Debbie and I recently devoured the audio version of this summer’s hottest read: Bad Blood: Secrets and Lies in a Silicon Valley Startup by Pulitzer Prize-winning Wall Street Journal reporter John Carryrou. It’s a mesmerizing business thriller about the rise and fall of blood-testing startup Theranos, a Silicon Valley unicorn with a one-time value of $9 billion.
Carryrou masterfully recounts the story of Elizabeth Holmes and her co-conspirator Sunny Balwani as they raise over $700 million for a finger-prick blood-testing device they insist will change the world. Their greed, their lust for power, and their sociopathic lack of concern for causing patients direct harm is stunning. They used Non Disclosure Agreements as bludgeons to hide the truth (the devices didn’t work) from their employees, their high-profile board of directors (none of them scientists) and consumers of their product (doctors, pharmaceutical companies and the giant Walgreens chain which installed blood-testing centers in their stores).
Scores of employees who signed the NDAs either quit or were fired and dared not speak up. The pharmaceutical companies, unconvinced by Theranos’s demonstrations, never communicated their concerns to others. No one, it seemed, could penetrate the Madoff deception-like narrative that Holmes constructed.
Indeed (and this fascinated Debbie) major media, including The New Yorker (One woman’s drive to upend medical testing) and Fortune (This CEO is out for blood), were almost entirely duped by Holmes’s misleading claims about how her blood-testing devices worked and how they would revolutionize healthcare. Then along came Carryrou to slowly dismantle this house of cards with his investigative reporting.
The massive falsehood everyone seemed to miss
Underlying all this, not clearly articulated by Carryrou, and ignored by most observers, is the central untruth that delivering more commercialized medical access will change and save the world. This barely-questioned premise captivated investors and a celebrity board of directors but it is a massive falsehood.
Ms. Holmes’ vision was that in the privacy of their homes, and at the time and frequency of their choosing, patients could test “a single drop of blood” for any of several hundred diseases, diagnoses, chemicals, and conditions. Citing the premature death of a “beloved” uncle from metastatic melanoma (in reality she rarely saw him or cared about him), she alleged that with a pinprick of his finger he could have diagnosed his cancer early and been saved from his fate.
Accepting this scenario as likely, and indeed fact-based, investors poured money into her project and directors and lawyers shielded her from unmasking. Most saw vast profits from this snake-oil pitch. Some, based on a desire to do well by doing good, apparently believed that creating more access to unregulated medical analyses would change the world for the better.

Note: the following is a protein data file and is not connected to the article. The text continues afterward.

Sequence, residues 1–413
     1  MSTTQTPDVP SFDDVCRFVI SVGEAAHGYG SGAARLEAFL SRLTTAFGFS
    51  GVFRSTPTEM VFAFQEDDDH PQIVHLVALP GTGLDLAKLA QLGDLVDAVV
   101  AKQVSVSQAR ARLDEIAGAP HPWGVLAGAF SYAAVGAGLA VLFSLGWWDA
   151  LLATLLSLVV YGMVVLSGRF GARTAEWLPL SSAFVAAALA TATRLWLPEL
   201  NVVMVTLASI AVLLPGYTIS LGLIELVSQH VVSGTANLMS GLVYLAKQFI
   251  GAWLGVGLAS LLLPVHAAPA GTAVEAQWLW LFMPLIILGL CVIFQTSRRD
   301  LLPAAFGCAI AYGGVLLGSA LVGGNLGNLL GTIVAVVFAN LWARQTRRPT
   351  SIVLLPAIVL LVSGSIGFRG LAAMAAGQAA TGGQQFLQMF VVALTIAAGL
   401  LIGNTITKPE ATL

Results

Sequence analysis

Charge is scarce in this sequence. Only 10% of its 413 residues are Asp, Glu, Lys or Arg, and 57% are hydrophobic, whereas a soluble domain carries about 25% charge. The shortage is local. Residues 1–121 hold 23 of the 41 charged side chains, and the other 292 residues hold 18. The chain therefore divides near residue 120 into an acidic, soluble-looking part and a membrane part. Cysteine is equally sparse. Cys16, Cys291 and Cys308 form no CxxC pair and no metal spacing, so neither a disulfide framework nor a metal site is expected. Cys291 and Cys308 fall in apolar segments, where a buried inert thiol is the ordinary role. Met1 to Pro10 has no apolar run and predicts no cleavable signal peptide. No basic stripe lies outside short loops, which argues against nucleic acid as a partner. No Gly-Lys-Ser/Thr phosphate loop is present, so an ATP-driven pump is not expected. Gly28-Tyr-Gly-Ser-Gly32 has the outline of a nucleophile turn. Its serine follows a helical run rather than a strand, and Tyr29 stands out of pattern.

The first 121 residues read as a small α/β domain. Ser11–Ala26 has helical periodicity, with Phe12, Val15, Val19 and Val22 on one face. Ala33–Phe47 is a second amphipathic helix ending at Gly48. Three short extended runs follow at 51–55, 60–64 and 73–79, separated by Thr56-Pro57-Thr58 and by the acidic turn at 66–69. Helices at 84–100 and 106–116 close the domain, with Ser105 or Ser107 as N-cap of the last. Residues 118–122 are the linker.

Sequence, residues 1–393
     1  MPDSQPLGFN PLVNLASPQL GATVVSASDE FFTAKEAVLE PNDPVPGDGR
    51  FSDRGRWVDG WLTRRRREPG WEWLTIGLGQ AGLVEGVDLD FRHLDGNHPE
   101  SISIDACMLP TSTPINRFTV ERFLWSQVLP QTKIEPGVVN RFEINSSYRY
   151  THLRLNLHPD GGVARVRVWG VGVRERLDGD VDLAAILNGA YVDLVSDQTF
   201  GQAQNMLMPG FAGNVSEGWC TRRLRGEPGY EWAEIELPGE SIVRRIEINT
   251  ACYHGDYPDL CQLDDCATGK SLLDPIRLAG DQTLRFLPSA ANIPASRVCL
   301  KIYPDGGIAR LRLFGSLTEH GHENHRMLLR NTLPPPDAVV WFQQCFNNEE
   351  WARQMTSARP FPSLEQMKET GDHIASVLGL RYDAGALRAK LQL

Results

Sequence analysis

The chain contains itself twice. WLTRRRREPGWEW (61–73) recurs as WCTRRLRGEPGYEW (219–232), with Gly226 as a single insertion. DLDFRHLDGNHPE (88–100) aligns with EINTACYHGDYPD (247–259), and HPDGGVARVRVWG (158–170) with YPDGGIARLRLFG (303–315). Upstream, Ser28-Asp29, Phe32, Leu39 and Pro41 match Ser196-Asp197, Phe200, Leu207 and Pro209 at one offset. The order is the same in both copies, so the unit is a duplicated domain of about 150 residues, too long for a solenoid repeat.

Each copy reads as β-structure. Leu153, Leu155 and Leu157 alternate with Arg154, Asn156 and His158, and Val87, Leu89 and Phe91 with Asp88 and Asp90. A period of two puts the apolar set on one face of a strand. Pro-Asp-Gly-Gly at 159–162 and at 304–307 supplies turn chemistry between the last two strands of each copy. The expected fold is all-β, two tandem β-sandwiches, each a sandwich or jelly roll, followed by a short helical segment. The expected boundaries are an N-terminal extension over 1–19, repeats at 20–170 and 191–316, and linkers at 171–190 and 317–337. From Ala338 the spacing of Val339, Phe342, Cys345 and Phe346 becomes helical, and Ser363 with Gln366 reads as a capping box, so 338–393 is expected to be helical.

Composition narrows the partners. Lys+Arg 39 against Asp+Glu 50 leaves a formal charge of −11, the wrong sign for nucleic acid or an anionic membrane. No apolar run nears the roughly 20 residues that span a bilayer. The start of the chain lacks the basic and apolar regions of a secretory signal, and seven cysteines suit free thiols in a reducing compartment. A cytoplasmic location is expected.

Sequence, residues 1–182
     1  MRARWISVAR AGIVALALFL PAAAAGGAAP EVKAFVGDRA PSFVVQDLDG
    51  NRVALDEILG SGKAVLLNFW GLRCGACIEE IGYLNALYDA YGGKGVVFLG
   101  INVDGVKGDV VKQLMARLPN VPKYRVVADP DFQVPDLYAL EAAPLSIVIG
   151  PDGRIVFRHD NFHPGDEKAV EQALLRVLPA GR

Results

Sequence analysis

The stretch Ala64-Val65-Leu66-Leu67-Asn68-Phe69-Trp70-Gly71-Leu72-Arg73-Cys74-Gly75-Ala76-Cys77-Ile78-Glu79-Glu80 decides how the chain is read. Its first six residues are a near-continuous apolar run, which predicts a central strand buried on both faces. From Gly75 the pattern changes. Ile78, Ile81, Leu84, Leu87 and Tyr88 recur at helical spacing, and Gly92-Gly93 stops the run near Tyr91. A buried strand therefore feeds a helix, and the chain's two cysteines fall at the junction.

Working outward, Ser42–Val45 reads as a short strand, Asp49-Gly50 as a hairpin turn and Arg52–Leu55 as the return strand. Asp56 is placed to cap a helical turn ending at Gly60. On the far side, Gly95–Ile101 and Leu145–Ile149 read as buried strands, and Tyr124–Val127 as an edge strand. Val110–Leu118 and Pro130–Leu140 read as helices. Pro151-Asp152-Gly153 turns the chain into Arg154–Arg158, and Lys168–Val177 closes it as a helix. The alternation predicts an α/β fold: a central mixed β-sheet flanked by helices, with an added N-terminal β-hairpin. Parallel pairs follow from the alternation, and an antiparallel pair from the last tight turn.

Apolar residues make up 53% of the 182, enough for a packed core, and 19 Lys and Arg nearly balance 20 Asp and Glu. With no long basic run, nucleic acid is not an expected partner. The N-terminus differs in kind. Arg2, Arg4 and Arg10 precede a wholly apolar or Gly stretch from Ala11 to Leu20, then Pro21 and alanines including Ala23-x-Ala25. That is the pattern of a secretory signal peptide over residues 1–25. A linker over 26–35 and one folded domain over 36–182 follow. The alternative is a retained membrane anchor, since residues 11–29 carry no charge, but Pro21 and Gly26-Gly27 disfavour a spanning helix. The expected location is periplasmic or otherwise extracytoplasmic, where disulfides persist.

The reality is that unfettered screening programs do generate vast profits at a great cost to consumers. But unfettered screening tests under the guise of preventative medicine also lead to the overdiagnosis and overtreatment of large numbers of patients, obscuring the identification of the few patients who truly benefit from controlled screening and early diagnosis.
Currently, there are blood tests that serve as markers for a variety of cancers. During my decades of clinical practice the use of these markers rarely, if ever, were of significant clinical benefit to my patients. When they were negative, they offered some immediate, but never long-term, comfort. And when they were positive one of two scenarios played out. Most commonly they were falsely positive, meaning that the patient had a test indicating they had a cancer when they did not.
Under this circumstance, endless costly and potentially dangerous testing was undertaken to prove a negative (which, of course, is impossible). On the occasions when the cancer blood test was truly positive, the cancer was generally so advanced that the clinical outcome was predetermined.
The promise of perfect, effective, screening programs has proven ephemeral. And the idea that more medical intervention leads to better outcomes is an unshakable (yet inaccurate!) premise of American healthcare. Putting the power of indiscriminate testing into the hands of consumers, as proposed by Theranos and others, will indeed sell products but it will cost lives.
Instead, if we want to save lives, we should stop over-promising and under-delivering. We should more realistically appraise what works and what doesn’t. And we should not allow poor science to hide behind NDAs.